News of the massacre by an American soldier of 16 Afghan civilians, mostly women and children, made me reflect on the 14 wars and colonial conflicts I have covered. Horrible but not surprising! It illustrates what I call the ‘Iron Laws of Colonial Warfare’:
i Divide et Imperia (divide and conquer), as the Romans said. Pick a disgruntled or rebellious minority and favour them against the majority, making them your allies in colonial rule. Good examples: Tajiks and Uzbeks in Afghanistan, who first backed the Soviets, then the Americans, against majority Pashtun. Tamils in Sri Lanka, favoured by the British Empire; or Christian Ambonese in Indonesia used by the Dutch to enforce their brutal rule.
i Build a native mercenary army. Imperial Britain used gurkhas and sepoys in India; the French used Senegalese troops in North Africa; the US employed tens of thousands of mercenaries in Iraq and Afghanistan. Britain’s Indian Raj was made possible by scores of cooperative princes. The Soviets ruled Eastern Europe through local communists and their security forces.
i Denounce all those opposing foreign rule as religious fanatics; terrorists; savages; and bandits (favourite Soviet term). The Western media dutifully denounced independence leaders as “mad mullahs”; “arch-terrorists”; “Hitler on the Nile (Nasser)”; or today’s favourite, “Hitler in Tehran.”
i The longer your occupation army remains, the more it will first despise, and then hate the local population regarding them as savage and sub-humans. Collective punishments of civilians by angry, frustrated, and fearful foreign troops will become the norm. Atrocities will increase. Think of Vietnam’s Mai Lai massacre, the infamous Amritsar massacre in India, India’s repression in rebellious Kashmir, Japan’s savagery in China, the US marines at Falluja, or Russians in Chechnya.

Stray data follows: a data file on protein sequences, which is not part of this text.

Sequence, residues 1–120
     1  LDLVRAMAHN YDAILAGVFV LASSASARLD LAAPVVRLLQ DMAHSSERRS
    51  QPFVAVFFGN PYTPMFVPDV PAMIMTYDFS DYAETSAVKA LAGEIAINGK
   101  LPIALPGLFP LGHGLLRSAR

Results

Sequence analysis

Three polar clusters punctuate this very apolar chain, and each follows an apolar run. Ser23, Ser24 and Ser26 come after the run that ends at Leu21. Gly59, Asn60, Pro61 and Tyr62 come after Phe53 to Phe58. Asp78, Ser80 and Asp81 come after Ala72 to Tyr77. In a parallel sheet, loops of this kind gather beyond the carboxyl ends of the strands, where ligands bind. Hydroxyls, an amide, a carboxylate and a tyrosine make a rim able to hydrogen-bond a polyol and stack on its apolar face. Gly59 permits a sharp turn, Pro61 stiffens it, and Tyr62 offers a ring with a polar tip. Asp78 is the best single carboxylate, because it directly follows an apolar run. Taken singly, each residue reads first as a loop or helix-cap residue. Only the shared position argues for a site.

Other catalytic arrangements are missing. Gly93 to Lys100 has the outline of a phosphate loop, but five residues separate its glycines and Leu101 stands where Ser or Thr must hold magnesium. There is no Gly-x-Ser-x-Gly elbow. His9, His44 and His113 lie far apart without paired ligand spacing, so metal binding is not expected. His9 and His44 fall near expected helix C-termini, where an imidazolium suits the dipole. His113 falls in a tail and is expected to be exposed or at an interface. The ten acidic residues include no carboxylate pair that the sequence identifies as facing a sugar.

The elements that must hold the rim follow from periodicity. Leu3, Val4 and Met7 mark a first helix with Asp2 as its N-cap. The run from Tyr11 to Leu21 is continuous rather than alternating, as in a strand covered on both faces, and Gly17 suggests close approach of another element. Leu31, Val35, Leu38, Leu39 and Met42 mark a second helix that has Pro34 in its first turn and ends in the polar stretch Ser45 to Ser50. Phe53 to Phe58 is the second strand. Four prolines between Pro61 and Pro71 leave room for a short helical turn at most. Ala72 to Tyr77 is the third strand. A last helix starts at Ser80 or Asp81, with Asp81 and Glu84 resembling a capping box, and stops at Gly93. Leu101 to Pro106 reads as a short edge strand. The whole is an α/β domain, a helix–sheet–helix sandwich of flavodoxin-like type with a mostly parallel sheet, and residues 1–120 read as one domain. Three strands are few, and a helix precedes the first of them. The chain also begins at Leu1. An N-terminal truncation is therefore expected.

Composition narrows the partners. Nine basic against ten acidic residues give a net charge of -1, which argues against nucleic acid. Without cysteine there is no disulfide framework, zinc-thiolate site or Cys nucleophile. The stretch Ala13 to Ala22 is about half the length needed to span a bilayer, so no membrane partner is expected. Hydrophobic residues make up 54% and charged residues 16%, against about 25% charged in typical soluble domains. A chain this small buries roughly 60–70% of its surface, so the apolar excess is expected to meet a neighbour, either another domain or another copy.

i Colonial occupations increasingly rely on brutality and intimidation, then torture and secret executions. France’s army was deeply corrupted by its crimes in Algeria and lost its honour. The United States is repeating this terrible precedent in Afghanistan. Italy used concentration camps and poison gas to subdue Libya in the 1930s. The USSR killed 1.5 million Afghans. All colonial wars are dirty.
i Colonial troops find themselves surrounded by a hostile civilian population, under attack from all sides, betrayed even by their nominal native allies. They become increasingly brutalised, vindictive and prone to drug use and rape. Surprise attacks, booby traps, mines and other explosive devices cause widespread fear and depression. Russia now suffers a lethal heroin epidemic from its 10-year occupation of Afghanistan. The use of torture in Iraq and Afghanistan is spreading back to US law enforcement. Many former soldiers, who served in these third world neo-colonial wars, return home to join police forces and government agencies. A sense of betrayal dominates. The Soviet’s supposed local communist Afghan allies often kept secret links with the mujahidin resistance and warned them of impending Red Army operations. Today, many members of the US-installed Afghan government secretly cooperate with the Taliban and its allies.
i Foreign occupation and garrisons inevitably spread corruption, prostitution, junk culture, and venereal disease. The foreign troops increasingly keep to fortified bases, sallying out to take reprisals and show the flag. The notion that 20-year old soldiers from the bottom of Western society can win hearts and minds of Afghan tribesmen is one of the most ludicrous myths of our times.
i Occupying armies quickly transform themselves into colonial forces: Lightly armed, mobile police units. When a real war comes, they are not ready to fight a modern opponent. In 1914, Britain’s imperial forces were slaughtered in the trenches of Flanders. The US has reconfigured its army for colonial warfare. But its next war may be with China or North Korea.
n The writer is an award-winning, internationally syndicated columnist. His articles appear in the New York Times, International Herald Tribune, Los Angeles Times, Times of London, Gulf Times, Khaleej Times and other news sites in Asia. He is a regular contributor to The Huffington Post, Lew Rockwell and Big Eye. He appears as an expert on foreign affairs on CNN, BBC, France 2, France 24, Fox News, CTV and CBC.